India Tuesday


An effective way to deal with the plastic crisis. 

Plastic credit is supposedly the game-changer in the field of waste management. But, what exactly is plastic credit? How does it work? And who does it affect? We’ll deal with all of the questions here, as we go. 


According to WWF, plastic credit is a “transferable unit representing a specific quantity of plastic that has been collected and possibly recycled from the environment."

To put it in layman’s terms, plastic credits are a way to incentivize the removal of plastic that’s in the environment and recycle it for packaging and other materials. 

There are two main components to the plastic credit system, the companies that use plastic in their products and packaging, and the other is a program that collects plastic and recycles them. After collecting the plastic, it is either utilized to construct bricks and roads or co-processed through pyrolysis, a method of using low-value polymers as an energy source in sectors that traditionally burn coal to satisfy their high energy demands (e.g. cement kilns). Low-value plastics are ejected from the process and burned neatly. This is the most suitable choice. 

The following is how these two parties collaborate. A company wants to take responsibility for the plastic it releases into the environment by removing a comparable quantity of plastic. Plastic credits are the best option for this. 


The first step in this process includes a company estimating its plastic footprint i.e, the amount of plastic they release into the world each year. After the calculation, the company purchases the equivalent amount of plastic credits to match their plastic footprint. Basically, for every dollar a polluter contributes, a particular amount of plastic garbage is intercepted from the environment.

The money spent on plastic credits by the company is allocated to a program. In exchange for receiving this funding, the program must collect and/or recycle a volume of plastic equal to the company's plastic footprint in tonnes. 


Benefits are produced for both parties due to the transaction between a company and a program. The company may now claim that they are responsible for the plastic they release into the environment, i.e. Company X has become Plastic Neutral. The program was able to get money for the initiative to enable the collecting and recycling of plastic in a sustainable manner, which would not have been possible otherwise.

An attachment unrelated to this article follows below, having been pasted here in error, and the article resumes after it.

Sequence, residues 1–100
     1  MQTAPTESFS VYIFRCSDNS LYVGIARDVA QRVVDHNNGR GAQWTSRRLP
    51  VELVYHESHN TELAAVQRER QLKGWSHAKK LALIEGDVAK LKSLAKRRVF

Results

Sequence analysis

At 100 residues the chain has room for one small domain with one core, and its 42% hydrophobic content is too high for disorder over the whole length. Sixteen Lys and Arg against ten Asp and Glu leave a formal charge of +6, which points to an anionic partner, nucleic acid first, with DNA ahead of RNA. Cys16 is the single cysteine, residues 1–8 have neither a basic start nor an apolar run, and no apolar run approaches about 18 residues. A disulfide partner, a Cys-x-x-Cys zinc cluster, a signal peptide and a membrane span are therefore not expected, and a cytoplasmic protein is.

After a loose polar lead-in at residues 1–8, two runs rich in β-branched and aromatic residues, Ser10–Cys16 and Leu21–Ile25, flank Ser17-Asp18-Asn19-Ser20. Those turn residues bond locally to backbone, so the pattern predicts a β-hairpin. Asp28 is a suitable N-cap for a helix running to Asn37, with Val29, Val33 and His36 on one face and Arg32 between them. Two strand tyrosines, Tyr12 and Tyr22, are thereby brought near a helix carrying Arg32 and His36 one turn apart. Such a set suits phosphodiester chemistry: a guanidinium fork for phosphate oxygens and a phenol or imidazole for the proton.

Who else does this initiative affect? 

Developed countries have been exporting their plastic waste to poorer countries for almost 25 years now. After China, which used to import two-thirds of the world's plastic garbage, prohibited all new imports at the end of 2017, additional waste was redirected to nations with far more informal waste management systems, such as India, Thailand, and Malaysia. 

Thus, it’s not just a matter of waste management anymore, it directly affects the life of people in these countries. 50 million undocumented workers around the world spend their whole lives coping with the effects of our wasteful consumerism, all without being

recognized as environmental heroes or having access to basic healthcare or education, trapping them in a cycle of abysmal poverty. In India, a garbage picker works an average of 12 hours per day scouring dumpsters and landfills for recyclable rubbish, earning less than $5 from an exploitative supply chain. 

Informal waste workers should be actively engaged and officially empowered with plastic credit. It guarantees respectable jobs (reducing social stigma), fair salaries and benefits, and safe working conditions by moving scavengers into the official economy (regulated facilities with safety equipment as opposed to manually scavenging in landfills). In order to break the cycle of poverty, they also get savings accounts, health insurance, and education subsidies for the workers' children. 


Plastic pollution's harmful impacts now extend beyond the environment to the people who bear the brunt of the world's rubbish. As a result, plastic credit schemes must have a societal impact in order to mitigate the dangers of plastic pollution successfully.


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Manya Arora